An Art Dealer's Start to Collecting
I am sure your father has collected art for all the years he has been a dealer. How did he get his start?
Our dad, William Meek, started working for gallery founder Foster Harmon in the fall of 1972. After graduating from college, he first had to complete a summer long Army training course as a young reserve officer before he could begin his position at Assistant Director of Harmon Gallery. When he began his career with the gallery, he was tasked with a six-year apprenticeship in all aspects of operating an art gallery and a retail business (while continuing his service in the Reserves for 8 years). His major in economics and minor in art proved to be a better combination than the dean of his business school ever imagined.
Here is his story in his words on how he started his own private collection:
"As Foster Harmon would always preach to me, 'Everything that goes into running an art gallery doesn't matter if you cannot sell art'. That weighed heavily on my daily routine since almost everyone coming into the gallery would naturally want to talk to the director-owner [Harmon].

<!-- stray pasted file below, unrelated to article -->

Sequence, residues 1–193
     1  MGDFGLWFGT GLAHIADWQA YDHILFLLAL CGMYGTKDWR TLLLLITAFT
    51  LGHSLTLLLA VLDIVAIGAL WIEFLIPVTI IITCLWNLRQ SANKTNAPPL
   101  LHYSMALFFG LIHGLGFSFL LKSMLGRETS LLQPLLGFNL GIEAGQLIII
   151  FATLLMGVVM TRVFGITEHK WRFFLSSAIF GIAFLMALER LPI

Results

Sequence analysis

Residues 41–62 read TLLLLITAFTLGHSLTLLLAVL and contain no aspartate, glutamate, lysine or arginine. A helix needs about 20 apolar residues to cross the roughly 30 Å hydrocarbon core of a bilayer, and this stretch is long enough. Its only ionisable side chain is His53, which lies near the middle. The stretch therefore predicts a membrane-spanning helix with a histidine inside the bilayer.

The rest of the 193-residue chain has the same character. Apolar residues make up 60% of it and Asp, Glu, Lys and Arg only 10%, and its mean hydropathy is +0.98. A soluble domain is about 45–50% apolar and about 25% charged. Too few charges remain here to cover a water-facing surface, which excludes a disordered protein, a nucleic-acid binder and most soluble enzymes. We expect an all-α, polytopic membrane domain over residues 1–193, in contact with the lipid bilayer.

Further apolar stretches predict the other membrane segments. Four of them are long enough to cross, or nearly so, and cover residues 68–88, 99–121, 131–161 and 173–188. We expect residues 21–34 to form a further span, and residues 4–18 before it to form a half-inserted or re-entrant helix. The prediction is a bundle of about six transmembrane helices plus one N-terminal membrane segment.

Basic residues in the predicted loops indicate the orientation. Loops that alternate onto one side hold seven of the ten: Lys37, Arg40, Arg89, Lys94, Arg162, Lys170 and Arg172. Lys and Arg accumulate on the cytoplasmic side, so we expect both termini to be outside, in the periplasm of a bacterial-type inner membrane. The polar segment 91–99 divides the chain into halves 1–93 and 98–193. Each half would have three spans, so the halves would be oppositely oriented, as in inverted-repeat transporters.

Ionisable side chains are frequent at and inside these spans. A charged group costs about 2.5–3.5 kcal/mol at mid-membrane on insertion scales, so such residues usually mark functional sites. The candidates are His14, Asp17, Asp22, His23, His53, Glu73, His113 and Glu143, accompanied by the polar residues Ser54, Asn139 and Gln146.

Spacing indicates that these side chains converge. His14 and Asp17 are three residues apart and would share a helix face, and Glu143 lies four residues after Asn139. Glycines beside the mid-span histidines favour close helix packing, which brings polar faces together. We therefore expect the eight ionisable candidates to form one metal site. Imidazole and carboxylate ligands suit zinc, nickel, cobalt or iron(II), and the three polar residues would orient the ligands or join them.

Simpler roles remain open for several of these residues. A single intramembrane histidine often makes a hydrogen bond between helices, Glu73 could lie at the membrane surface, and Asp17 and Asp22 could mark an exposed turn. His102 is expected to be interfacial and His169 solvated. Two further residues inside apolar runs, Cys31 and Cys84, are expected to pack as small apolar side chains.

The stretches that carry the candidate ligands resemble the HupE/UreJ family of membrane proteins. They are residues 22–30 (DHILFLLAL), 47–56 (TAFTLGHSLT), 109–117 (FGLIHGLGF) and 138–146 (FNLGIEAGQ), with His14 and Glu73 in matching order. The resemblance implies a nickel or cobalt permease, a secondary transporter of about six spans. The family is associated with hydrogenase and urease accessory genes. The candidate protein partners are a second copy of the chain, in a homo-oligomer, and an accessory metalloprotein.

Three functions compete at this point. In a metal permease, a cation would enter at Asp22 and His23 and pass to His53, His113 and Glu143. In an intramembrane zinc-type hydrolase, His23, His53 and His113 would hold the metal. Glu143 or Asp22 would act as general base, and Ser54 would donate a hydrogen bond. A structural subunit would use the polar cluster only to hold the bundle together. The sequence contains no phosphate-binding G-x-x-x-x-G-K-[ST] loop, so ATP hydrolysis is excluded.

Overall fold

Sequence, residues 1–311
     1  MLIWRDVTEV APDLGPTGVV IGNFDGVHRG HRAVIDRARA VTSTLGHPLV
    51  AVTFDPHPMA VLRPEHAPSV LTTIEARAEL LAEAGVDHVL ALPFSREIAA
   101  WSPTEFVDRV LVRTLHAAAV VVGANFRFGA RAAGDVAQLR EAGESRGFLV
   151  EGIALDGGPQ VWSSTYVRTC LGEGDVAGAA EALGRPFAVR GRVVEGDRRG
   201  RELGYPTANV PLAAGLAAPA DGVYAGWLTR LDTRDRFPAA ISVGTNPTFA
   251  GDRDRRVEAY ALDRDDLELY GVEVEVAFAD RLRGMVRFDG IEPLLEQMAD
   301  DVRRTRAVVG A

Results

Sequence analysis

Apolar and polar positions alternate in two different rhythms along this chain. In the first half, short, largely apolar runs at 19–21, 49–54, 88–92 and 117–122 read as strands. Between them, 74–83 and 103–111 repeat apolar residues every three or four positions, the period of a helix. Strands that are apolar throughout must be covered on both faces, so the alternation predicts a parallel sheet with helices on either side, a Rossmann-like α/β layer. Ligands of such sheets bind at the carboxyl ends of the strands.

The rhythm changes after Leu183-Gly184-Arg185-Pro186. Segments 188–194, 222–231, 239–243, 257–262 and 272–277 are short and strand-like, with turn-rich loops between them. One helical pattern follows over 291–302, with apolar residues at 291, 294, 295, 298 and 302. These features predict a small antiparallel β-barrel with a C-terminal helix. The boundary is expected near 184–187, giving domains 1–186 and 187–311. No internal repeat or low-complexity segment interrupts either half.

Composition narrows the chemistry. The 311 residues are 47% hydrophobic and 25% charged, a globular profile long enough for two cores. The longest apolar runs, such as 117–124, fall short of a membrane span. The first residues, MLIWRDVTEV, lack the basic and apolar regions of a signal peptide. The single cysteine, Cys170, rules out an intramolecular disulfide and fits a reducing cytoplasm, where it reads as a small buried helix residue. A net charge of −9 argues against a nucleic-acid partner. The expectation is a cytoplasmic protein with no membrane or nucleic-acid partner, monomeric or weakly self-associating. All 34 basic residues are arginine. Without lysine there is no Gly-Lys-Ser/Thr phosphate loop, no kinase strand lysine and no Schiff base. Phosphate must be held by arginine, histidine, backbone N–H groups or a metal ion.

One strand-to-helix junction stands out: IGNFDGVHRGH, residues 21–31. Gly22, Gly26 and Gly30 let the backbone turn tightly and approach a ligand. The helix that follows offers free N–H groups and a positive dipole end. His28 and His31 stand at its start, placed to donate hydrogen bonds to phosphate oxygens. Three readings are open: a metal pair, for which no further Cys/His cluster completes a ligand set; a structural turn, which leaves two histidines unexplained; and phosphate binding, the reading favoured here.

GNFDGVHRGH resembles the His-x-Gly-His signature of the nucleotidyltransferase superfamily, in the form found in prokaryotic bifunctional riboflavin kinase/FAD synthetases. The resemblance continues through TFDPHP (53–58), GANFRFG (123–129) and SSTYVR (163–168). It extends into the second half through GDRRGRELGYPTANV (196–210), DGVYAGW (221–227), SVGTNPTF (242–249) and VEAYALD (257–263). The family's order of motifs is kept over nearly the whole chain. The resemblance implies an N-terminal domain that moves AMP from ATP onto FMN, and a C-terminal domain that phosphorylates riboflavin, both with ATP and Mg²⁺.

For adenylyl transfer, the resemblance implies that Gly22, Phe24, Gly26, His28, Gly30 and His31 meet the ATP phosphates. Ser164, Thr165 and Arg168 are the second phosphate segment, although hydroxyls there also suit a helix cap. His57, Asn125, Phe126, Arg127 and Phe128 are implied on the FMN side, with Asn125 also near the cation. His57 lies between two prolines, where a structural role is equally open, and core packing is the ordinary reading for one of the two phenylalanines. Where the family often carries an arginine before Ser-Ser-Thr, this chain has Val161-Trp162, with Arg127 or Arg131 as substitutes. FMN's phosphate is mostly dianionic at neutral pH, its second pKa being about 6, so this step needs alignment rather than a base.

I wanted to understand what potential clients were facing when deciding whether or not to purchase a particular work of art. Collectors of art generally feel quite comfortable making informed choices, while new collectors often need more attention, particularly if the acquisition is using discretionary funds or if the artwork is "filling a space" in the home or office.
I needed to know what they were experiencing so I decided to buy one work of art every year. Since I wasn’t making a significant income as Harmon’s apprentice working on commission, this decision was indeed a sacrifice monetarily.
I centered in on an oil painting created in 1965 by Louis Bosa (1905-81) titled 'Monks on a Wall' and informed Harmon of my decision. He allowed me to pay for it over nine months at $75 a month (plus 4% sales tax). The $750 purchase less my commission has never been second guessed and the painting now hangs next to the bed my wife and share. It is the last artwork I see before falling asleep. The value has gone up to $3,500, a modest increase, but this amount is not what makes the painting valuable to me."